Barbados is a tropical climate and basic precautions against mosquito bites should always be taken.
Given that the presence of Zika on the island has now been confirmed, anyone travelling to Barbados (especially pregnant women) is advised to take note of the information set out in CARPHA’s Zika Guidelines for Travellers coming to the Caribbean (http://carpha.org/Portals/0/docs/ZIKA/ZIKA-GUIDELINES-FOR-TRAVELLERS.pdf) and the basic precautions to protect themselves from mosquito bites including:
— Using mosquito repellent with 30% DEET concentration
— Wearing light coloured long-sleeved shirts and pants, especially in the morning and late afternoon
— Sleeping under an insecticide-treated ‘bed net’ (mosquito net), especially during the day
— Ensure accommodation has insect screens on windows and doors.
What’s being done about Zika in the Caribbean?
CARPHA, the Caribbean Tourism Organisation (CTO) (http://www.onecaribbean.org), and the Caribbean Hotel and Tourism Association (CHTA) (http://www.caribbeanhotelassociation.com) are all working in conjunction with public health authorities in the Caribbean to mitigate the impact of the Zika virus.
At the end of January 2016, the CTO and CHTA issued a joint press release (https://drive.google.com/file/d/0B5SMN7hmRwhzMU14SG9ReWRDQ1E/view?pref=2&pli=1) in relation to Zika and have assured the public they are in close contact with CARPHA to monitor the virus’ development, as well as to communicate prevention and control measures to the tourism industry, local residents and travellers.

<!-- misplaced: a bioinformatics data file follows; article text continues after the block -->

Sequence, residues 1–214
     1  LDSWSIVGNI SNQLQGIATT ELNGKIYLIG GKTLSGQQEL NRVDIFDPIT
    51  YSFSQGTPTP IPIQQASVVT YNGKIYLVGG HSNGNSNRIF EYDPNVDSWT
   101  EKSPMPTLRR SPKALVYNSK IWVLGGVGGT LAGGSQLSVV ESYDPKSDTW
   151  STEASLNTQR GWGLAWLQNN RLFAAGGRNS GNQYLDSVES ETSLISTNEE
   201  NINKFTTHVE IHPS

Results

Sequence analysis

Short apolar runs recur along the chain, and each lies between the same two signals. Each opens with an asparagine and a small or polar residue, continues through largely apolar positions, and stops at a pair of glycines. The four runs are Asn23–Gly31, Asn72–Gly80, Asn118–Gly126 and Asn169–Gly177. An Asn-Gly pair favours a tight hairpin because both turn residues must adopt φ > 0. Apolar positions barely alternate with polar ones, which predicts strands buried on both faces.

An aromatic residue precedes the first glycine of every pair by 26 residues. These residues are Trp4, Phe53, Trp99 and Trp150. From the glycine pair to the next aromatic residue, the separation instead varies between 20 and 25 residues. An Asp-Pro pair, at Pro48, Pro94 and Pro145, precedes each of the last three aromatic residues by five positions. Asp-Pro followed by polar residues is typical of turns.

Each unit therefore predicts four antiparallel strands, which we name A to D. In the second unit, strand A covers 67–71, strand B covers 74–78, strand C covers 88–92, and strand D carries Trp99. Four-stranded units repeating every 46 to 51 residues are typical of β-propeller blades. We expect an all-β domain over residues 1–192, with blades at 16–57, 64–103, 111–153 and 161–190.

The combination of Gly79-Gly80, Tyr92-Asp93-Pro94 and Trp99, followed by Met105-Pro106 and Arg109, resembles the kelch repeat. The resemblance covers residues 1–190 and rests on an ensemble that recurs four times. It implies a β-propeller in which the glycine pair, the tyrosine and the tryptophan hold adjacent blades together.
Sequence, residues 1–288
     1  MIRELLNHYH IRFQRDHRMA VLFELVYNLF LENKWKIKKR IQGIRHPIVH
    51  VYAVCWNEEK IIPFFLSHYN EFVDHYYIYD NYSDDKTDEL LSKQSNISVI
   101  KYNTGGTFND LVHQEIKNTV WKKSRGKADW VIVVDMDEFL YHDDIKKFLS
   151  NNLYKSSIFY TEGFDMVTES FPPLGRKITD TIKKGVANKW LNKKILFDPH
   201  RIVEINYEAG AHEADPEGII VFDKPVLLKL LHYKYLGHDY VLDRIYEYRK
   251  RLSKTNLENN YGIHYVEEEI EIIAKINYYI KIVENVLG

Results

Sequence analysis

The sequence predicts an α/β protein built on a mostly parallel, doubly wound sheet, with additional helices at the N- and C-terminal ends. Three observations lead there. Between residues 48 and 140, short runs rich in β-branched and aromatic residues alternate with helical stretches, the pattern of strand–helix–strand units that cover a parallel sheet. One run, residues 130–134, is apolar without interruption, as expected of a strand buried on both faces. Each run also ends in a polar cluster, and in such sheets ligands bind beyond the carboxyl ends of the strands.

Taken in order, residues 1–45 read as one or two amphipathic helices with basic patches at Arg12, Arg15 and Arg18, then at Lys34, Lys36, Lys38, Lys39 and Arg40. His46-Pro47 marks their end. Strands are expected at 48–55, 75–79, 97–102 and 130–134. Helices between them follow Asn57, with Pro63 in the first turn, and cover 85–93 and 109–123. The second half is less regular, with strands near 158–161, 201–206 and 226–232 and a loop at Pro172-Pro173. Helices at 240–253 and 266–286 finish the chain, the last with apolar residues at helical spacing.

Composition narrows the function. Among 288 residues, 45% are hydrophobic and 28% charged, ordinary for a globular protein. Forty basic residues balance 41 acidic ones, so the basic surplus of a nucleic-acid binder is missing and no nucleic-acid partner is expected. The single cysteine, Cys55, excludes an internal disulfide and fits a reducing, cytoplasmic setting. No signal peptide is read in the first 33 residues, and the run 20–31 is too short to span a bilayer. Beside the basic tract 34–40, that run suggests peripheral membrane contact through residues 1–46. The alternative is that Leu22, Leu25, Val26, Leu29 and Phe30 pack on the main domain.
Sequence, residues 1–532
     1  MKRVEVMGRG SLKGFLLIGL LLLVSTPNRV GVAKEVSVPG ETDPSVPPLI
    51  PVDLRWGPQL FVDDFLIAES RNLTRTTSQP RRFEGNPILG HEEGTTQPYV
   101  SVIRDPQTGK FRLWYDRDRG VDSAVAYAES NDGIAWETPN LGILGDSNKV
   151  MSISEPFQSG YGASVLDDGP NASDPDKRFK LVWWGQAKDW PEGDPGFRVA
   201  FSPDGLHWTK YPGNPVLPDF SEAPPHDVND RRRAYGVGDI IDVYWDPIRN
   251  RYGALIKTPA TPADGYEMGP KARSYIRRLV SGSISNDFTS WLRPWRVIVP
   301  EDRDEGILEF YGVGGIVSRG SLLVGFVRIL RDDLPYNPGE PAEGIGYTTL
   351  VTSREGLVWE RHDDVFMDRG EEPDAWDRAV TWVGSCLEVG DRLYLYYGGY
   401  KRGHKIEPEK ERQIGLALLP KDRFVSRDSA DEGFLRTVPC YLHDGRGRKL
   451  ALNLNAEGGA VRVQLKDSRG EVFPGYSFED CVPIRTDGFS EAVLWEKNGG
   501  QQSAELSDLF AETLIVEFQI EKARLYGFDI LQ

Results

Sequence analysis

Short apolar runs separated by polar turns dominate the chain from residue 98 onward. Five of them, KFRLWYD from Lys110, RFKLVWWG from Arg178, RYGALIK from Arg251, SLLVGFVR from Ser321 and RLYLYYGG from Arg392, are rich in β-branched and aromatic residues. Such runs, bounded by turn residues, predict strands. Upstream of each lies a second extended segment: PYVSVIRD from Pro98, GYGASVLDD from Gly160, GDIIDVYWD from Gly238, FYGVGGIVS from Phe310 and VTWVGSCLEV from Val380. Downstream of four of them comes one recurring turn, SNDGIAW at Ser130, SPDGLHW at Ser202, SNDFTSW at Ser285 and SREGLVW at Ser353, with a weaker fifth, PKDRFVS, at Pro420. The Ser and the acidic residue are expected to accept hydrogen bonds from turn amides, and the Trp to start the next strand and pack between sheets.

The Caribbean nations (including Barbados), and their national tourism associations and hotels, are taking proactive measures to control the local mosquito population, similar to those used in the past to combat Dengue Fever and Chikungunya, including:
— Providing staff and guests with general information on ZIKV
— Placing insect repellents rooms, or having them available for purchase
— Avoiding storing water in outdoor containers, covering water tanks or reservoirs, uncovering or unblocking gutters and drains, and monitoring garbage build up, to prevent them from becoming mosquito breeding sites